What, then, is the position of the Bibliotheca Philosophica Hermetica in this context? The hermetic tradition which has been outlined above has provided an important enough basis for the BPH to have been named after it. Some would prefer the term ‘gnosis’ for the religious and philosophical traditions which developed at the beginning of our era in the Hellenistic world, one of the most important characteristics of gnosis being the recognition of intuition as the source of knowledge, through which man may achieve a union with the divine. Gnosis is strongly associated with hermetic philosophy, the primary collection area of the BPH. There are three other, related collection areas, which can also be linked to the tradition of gnosis. Mysticism, both the medieval stream (with authors such as Meister Eckhart, Suso and Ruusbroec) as well as the later protestant stream (with Jacob Böhme as the major representative), can be regarded as the leavening of the hermetic-Platonic tradition throughout Christianity. Alchemy, having as one of its most fundamental works the Tabula smaragdina [The emerald table], a short work attributed to Hermes Trismegistus, is concerned not so much with the practical art of making gold as well as with a hermetically tinged study of nature and the cosmos and the relationship between these two; it is not so much a chemical, but rather a spiritual matter: many alchemists equate the much sought-after ‘philosophers’ stone’ with Christ. The fourth collection area is the early seventeenth-century spiritual reformation movement of the Rosicrucians, which – as will appear further on – was greatly influenced by the other three traditions.
These four areas are the main fields of the BPH, while there are also a number of related subsidiary areas such as Cathars, Freemasons and the legend of the Grail.18 All these (and many more) areas have been described in The encyclopedia of religion, the impressive reference work which appeared in sixteen volumes under the editorship of Mircea Eliade in 1987. As the philosopher Ernst Cassirer remarked with regard to the Warburg Library: in essence it is not so much the collection of books, not even the separate collection areas, but the cohesive principle underlying it all.19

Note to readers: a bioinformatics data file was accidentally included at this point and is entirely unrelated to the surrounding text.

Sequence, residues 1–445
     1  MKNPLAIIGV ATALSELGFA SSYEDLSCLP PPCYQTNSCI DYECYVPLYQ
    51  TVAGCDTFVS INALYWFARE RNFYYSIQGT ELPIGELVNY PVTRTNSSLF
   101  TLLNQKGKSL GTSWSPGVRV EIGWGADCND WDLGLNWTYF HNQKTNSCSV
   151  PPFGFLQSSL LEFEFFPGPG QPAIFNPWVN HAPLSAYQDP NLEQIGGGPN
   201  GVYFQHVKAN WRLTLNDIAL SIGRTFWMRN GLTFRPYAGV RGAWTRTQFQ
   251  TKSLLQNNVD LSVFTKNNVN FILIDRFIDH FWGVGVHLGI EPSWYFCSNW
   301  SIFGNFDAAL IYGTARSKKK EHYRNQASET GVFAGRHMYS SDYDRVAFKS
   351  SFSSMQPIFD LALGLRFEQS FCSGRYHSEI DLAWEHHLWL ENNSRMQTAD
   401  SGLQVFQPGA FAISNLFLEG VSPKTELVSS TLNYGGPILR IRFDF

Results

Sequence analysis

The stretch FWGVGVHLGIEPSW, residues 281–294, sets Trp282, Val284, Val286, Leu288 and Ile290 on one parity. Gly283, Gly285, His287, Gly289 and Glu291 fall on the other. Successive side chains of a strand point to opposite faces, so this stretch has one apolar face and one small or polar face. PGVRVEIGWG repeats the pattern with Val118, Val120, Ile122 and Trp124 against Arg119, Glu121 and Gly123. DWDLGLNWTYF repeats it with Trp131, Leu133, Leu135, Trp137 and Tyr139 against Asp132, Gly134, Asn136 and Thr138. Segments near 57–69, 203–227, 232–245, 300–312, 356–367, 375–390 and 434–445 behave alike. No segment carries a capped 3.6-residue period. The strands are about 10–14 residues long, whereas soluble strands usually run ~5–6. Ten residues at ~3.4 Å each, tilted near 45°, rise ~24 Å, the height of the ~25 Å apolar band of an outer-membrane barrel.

In 1984 the private collection of J.R. Ritman was transformed into a scholarly institution. This means that the BPH, like any other similar institute, engages in three activities. First of all there is the collecting of works, of enlarging the thematic collection of works on hermetic Christianity. Next comes cataloguing and indexing, i.e. making the collection accessible to the interested public; this is realized not only by means of a computerized catalogue, but also by means of elaborate bibliographical and cultural-historical descriptions of the library’s holdings in the form of (exhibition) catalogues and other forms of academic research (studies, translations). The librarian of the BPH, historian of ideas Dr Carlos Gilly, plays a major role in the library’s scholarly research. His wide-ranging research into the history of the Early Rosicrucians and their ideas has already yielded a number of special studies, and will be crowned by an annotated bibliography. The BPH’s publishing house ‘In de Pelikaan’ was set up to accommodate the scholarly activities of the library; a small number of its publications is mentioned here in the notes. Finally there is the activity of documenting: In the context of his research, Dr Gilly has brought together material held elsewhere by other libraries and archives in the hermetic-Christian field: not only the titles, but also the works themselves are collected in the form of microfilms or microfiches (and also already in a digital format). The virtual library is now not far away.